The BNP, which had called for nationwide strikes over the weekend, previously stated that the opposition boycott had succeeded.

In a social media post, Tarique Rahman, the de facto leader of the BNP, thanked the public for “securing a victory without even participating in the sham election.”

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Bangladesh Prime Minister Sheikh Hasina displays the victory symbol after casting her vote in the country’s 12 general election, in Dhaka, Jan. 7, 2024. [Altaf Qadri/AP]

In the Gopalganj-3 constituency, Sheikh Hasina won by securing about 250,000 votes, more than 86% of the total eligible voters. Her nearest rival got only 460. 

In several polling centers where Hasina was a candidate, the turnout rate was an improbable 99-100%.

Even in an election where the ruling party was poised to retain power, instances of ballot stuffing were not uncommon. According to a BenarNews review of local reports, authorities arrested individuals or suspended polling officials for aiding ballot stuffing in at least 12 districts.

Hasina, 76, cast her ballot at Dhaka City College Center in the capital as soon as polls opened at 8 a.m.

“Your vote is very valuable,” she said after voting, accompanied by her daughter and sister. “We fought a lot for the right to vote, and I hope that all the people of the country will come to vote at the polling centers. Bangladesh will continue its democratic trend.”

Scattered incidents of violence were reported across the country on Sunday.

Police said Zillur Rahman, a 40-year-old supporter of the Awami League, was killed by supporters of a rival independent candidate outside a polling center in Mirkadim municipality, south of Dhaka. Another man, Nawab Al, 60, reportedly died in a scuffle outside a voting station in Debidwar, Comilla district.

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Members of the Home Ministry’s Ansar paramilitary force help a voter in a wheelchair enter a polling station in Dhaka’s Mirpur neighborhood, Jan. 7, 2024. [Jibon Ahmed/BenarNews]

Elsewhere, three people were injured by a homemade bomb detonated at a polling center in the Dhaka neighborhood of Hazaribagh, said Bachchu Mia, a police official.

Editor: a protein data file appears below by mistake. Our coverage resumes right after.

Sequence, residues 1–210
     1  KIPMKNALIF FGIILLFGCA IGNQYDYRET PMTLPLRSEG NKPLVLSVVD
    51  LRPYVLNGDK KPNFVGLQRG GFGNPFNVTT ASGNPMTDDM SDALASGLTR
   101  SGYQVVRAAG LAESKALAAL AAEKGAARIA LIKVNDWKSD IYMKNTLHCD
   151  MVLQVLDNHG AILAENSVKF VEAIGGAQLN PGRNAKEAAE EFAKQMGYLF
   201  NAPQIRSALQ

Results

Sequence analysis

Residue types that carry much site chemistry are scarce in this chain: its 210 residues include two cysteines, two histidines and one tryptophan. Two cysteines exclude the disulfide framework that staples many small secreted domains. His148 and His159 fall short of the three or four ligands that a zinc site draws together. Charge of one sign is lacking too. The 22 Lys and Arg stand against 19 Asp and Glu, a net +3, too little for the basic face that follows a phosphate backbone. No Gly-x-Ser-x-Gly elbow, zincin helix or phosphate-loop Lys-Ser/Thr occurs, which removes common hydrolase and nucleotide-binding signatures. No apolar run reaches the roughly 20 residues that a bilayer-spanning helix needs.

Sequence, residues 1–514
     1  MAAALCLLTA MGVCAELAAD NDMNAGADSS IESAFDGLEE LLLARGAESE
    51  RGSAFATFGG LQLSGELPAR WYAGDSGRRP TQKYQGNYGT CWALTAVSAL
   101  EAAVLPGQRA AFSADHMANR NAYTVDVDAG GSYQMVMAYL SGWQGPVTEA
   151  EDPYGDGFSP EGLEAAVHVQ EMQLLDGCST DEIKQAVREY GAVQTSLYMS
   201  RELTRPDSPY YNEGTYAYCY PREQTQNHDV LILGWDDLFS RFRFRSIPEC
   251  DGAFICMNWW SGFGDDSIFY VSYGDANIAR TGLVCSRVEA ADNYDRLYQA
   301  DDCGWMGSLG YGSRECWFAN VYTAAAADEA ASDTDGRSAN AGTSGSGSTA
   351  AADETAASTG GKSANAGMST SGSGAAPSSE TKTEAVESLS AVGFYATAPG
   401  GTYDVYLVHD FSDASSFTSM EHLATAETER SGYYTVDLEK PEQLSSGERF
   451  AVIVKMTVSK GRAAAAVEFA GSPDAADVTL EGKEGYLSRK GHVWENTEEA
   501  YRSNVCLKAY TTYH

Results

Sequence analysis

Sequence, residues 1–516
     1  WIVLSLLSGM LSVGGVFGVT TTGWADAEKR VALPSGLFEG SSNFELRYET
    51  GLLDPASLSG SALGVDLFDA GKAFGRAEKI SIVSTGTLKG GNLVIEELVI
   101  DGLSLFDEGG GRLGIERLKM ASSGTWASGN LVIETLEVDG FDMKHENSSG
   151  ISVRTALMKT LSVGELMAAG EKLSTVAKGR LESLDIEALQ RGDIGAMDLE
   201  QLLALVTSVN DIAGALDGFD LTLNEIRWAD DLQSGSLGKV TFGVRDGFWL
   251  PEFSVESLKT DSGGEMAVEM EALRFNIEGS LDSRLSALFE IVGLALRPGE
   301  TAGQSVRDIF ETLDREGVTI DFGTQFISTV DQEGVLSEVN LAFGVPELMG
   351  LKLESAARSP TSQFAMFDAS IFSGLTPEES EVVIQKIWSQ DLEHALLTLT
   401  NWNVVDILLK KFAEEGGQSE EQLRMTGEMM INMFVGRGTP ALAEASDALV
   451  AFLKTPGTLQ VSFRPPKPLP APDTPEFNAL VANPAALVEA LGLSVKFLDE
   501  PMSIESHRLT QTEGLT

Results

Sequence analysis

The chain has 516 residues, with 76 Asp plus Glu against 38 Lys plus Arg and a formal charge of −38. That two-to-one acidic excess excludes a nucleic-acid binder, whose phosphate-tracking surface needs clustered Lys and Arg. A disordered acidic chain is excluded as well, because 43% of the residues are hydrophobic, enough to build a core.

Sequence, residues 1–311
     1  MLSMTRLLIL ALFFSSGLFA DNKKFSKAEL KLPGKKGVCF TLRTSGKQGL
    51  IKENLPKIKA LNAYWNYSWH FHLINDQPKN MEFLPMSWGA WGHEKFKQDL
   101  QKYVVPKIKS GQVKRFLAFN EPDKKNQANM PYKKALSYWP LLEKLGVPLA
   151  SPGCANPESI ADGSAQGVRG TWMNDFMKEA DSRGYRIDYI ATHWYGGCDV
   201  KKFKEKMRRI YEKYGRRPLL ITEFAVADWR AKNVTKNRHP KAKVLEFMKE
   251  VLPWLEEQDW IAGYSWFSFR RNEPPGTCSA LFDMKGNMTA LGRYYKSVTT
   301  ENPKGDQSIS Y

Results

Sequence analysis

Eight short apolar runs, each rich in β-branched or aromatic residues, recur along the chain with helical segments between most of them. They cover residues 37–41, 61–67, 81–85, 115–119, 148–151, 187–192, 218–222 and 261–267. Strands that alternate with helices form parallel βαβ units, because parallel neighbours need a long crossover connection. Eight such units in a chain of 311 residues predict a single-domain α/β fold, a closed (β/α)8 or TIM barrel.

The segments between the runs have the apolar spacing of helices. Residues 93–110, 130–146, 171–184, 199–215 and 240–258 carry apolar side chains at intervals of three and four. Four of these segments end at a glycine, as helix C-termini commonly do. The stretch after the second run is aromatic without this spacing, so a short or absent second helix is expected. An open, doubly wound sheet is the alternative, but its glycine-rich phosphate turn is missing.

Some 800,000 police and armed forces personnel have been deployed to safeguard law and order for the general election.

On Saturday, the eve of the vote, readers found the websites of several news outlets, including Daily Manab Zamin, Samakal, and Voice of America, inaccessible. Digital rights activists told a BenarNews reporter that the websites appeared to have been blocked by authorities.

‘Sacrificial lamb’

The Jatiya Party, aligned with the government and the only other competitor in the election, won just 11 seats – fewer than half of the 23 seats it had held. The victories were out of the 26 seats where the Awami League withdrew its official candidates to support Jatiya. However, independent candidates, also linked to the Awami League, remained in the race for those seats. 

Earlier, almost all of the Jatiya candidates outside the 26 seats withdrew their candidacies, alleging unfair elections.

“We feared being used as a sacrificial lamb to legitimize what would be a one-party system,” G.M. Quader, the embittered leader of the Jatiya Party, told reporters. “Despite assurances, the Awami League repeated its old strategy of manipulating elections by taking over polling stations forcibly.”

To create the appearance of competition in the polls after the opposition’s boycott, the Awami League allowed its members to run as independents if they weren’t formally nominated.